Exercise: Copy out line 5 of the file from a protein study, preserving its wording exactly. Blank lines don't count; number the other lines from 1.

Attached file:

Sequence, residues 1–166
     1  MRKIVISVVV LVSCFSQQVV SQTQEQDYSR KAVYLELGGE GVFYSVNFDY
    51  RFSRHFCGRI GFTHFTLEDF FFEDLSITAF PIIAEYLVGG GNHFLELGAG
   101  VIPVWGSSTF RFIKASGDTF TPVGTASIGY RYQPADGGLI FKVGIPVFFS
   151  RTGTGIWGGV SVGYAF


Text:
   151  RTGTGIWGGV SVGYAF